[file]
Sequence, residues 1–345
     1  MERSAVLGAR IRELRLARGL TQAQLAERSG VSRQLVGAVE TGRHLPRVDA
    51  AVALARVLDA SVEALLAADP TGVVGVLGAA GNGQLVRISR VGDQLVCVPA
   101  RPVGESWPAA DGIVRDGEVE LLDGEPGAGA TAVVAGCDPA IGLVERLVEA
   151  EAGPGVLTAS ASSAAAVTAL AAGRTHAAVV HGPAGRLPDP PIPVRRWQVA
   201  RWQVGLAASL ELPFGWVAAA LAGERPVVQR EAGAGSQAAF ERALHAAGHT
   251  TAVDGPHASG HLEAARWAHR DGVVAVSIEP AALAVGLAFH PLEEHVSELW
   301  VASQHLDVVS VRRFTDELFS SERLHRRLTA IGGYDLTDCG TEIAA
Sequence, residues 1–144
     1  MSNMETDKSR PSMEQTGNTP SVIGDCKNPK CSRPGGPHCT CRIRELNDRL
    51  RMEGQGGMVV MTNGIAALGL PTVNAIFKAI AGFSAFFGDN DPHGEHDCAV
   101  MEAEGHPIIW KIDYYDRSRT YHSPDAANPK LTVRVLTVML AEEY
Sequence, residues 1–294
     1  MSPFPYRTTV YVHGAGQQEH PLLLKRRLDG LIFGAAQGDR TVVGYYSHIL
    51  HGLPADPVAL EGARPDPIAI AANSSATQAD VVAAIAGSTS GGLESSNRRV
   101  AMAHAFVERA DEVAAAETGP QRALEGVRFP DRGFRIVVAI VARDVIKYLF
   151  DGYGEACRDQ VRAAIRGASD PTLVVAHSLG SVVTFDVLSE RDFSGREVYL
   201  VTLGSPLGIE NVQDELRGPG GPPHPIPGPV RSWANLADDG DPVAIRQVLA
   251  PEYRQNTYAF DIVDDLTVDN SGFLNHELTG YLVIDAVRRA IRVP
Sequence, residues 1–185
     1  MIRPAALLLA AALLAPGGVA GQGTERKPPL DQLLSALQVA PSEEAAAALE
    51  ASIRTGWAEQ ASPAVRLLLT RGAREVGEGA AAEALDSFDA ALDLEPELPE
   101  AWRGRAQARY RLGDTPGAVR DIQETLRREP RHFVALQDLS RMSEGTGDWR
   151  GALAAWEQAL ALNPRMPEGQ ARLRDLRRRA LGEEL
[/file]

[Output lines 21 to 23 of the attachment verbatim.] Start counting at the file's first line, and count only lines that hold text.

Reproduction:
     1  MIRPAALLLA AALLAPGGVA GQGTERKPPL DQLLSALQVA PSEEAAAALE
    51  ASIRTGWAEQ ASPAVRLLLT RGAREVGEGA AAEALDSFDA ALDLEPELPE
   101  AWRGRAQARY RLGDTPGAVR DIQETLRREP RHFVALQDLS RMSEGTGDWR